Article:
I try to use toml as much as possible, because it feels like something the Rust ecosystem has mostly settled on as a default format, and I think most sysadmins have encountered .ini files at some point in their career. However, I'm working on something that uses a highly hierarchical configuration format -- and noticed that this is a weak spot for toml.
I checked through what formats serde supports and found something called "ron", which felt a little verbose, but it's explicit in a way that I like -- or so I thought. Apparently to set something that's an Option in Rust it must be specified as a Some in the ron buffer. That's a little too explicit for me. Or rather, I personally could live with it but I'm certain my non-Rust-programming users would be confused by the syntax.
I loathe yaml with a flaming passion, however it is very hierarchical by it's nature so I might use that. However, before I do: Are there any other formats that are suitable for configuration files that you think are uncontroversial to use both with regards to the Rust community and for non-programmers? .. with serde support, of course.
The user needs to define a "service", which contains one or more "interfaces", which contains one or more "binds" -- all of which can contain some other key/value pairs, and some of the values are required and some are optional.
Is this a proper use of Serde? My knowledge may be outdated, but, last I heard, Serde was meant to serialize a program's state and then deserialize that same state: it was meant to parse input that was generated by itself or another piece of software, not to parse something a user wrote, a consequence of which is that its handling of errors in the input is somewhat an afterthought and not user-friendly. Maybe this has changed in the last few years; I don't know.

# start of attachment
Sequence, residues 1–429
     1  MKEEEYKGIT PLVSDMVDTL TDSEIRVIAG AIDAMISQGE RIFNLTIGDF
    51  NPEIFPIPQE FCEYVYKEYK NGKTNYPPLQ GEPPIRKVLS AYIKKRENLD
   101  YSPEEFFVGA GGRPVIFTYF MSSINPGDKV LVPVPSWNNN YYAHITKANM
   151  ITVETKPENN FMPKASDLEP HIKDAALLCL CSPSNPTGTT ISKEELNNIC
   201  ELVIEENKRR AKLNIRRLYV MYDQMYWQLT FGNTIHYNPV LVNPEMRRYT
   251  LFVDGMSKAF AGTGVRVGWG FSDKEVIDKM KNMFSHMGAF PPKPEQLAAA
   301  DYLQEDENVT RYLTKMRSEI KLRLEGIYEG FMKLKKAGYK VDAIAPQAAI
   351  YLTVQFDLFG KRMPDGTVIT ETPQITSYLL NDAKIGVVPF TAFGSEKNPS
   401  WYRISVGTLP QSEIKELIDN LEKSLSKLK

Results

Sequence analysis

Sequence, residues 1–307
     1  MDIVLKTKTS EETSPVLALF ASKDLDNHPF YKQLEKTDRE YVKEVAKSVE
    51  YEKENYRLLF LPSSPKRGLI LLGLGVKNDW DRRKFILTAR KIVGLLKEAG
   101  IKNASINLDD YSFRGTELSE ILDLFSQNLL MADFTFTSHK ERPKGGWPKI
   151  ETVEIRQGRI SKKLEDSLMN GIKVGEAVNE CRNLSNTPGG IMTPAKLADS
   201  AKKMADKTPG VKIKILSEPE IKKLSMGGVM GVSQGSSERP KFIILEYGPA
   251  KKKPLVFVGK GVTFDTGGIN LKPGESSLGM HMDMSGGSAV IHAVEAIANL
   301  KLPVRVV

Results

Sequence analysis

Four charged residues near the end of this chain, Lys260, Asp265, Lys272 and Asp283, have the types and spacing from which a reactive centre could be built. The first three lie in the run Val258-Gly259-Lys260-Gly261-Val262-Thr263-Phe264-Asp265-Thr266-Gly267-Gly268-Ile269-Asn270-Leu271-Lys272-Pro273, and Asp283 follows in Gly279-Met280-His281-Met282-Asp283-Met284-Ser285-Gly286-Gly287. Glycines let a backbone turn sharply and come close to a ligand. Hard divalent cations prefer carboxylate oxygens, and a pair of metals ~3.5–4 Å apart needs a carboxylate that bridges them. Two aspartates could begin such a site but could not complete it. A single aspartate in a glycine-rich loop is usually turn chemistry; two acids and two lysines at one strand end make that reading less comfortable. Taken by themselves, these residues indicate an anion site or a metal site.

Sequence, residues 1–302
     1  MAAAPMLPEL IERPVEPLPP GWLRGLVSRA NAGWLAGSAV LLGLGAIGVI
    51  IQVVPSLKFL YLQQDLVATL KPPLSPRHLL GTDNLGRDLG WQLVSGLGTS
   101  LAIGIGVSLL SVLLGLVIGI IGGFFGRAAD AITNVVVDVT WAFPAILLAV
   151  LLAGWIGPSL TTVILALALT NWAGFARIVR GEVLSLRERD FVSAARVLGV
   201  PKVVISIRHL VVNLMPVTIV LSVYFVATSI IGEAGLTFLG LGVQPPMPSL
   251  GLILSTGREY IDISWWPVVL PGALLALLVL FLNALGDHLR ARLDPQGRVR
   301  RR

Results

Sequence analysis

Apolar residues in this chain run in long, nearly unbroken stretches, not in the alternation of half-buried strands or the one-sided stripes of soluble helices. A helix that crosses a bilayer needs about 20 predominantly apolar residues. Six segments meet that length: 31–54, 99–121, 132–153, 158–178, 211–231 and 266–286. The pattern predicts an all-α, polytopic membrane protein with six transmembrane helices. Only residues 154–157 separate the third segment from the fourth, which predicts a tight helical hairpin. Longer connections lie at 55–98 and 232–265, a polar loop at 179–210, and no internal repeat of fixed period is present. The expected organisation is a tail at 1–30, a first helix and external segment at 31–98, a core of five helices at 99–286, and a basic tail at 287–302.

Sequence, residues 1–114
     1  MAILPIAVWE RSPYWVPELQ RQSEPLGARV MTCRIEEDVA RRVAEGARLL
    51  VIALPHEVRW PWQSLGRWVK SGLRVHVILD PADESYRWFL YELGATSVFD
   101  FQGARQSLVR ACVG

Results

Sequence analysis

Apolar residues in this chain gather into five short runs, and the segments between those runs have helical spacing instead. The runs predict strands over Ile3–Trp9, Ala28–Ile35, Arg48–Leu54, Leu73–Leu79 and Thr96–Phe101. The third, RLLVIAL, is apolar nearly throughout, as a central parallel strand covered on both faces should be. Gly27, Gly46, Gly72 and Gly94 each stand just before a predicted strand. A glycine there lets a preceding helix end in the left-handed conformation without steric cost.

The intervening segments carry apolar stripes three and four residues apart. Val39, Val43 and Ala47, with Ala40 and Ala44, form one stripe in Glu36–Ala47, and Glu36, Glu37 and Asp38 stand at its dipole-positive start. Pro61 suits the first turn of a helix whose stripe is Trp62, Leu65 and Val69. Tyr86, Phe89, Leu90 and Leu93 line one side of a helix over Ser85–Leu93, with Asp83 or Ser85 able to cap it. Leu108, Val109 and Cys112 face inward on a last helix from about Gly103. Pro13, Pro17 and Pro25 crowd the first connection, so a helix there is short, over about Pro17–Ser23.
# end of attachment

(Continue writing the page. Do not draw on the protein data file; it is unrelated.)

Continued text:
(Edit: My opinion on the actual question might be unhelpful, as I like YAML and wouldn't think to use anything else. )
(Edit 2: I guess I might think to use JSON instead if YAML support were too heavyweight for where the program needs to fit.)
This is definitely not correct. Why couldn't you parse something a user wrote? I think you should be using Serde for reading and writing configs, because it's well-supported across the ecosystem, and many popular formats have serde parsers/writers.
At work, we use a YAML file for something that is almost always written by a human and the actual experience is terrible. Serde doesn't provide any way to get the location of something in its source text, and previousproposals have been rejected as out-of-scope, which means if there are any semantic issues with the document you have no way to say "there's an error on this line over here" like rustc does.
For a file that is meant to be written by humans and will be later checked for higher-level consistency (e.g. to make sure there is a particular relationship between different items in the document), not having any way to track where each element of your document comes from is a deal breaker.
Additionally, the error messages you get from #[derive(Deserialize)] when something fails to deserialize are fine for a programmer, but not something you would ever want to show a user. If you want to get nice errors from deserializing it often means writing the Deserialize implementations yourself, which is impractical and goes against a lot of the reasons for using serde in the first place.
But it doesn't need to, does it? It's the parser's job to track source location – it's the only one that knows the low-level format, after all.
Just because serde-yaml doesn't currently do it, it's not impossible. It could implement such functionality if it chose to do so. In fact I have written a Serde format that does just that – it gives out byte-exact, Unicode-aware locations for every parser error.
I think you might have misunderstood me - what I am referring to are semantic errors, not syntactic errors like invalid YAML or missing fields which would cause deserialize() to fail immediately.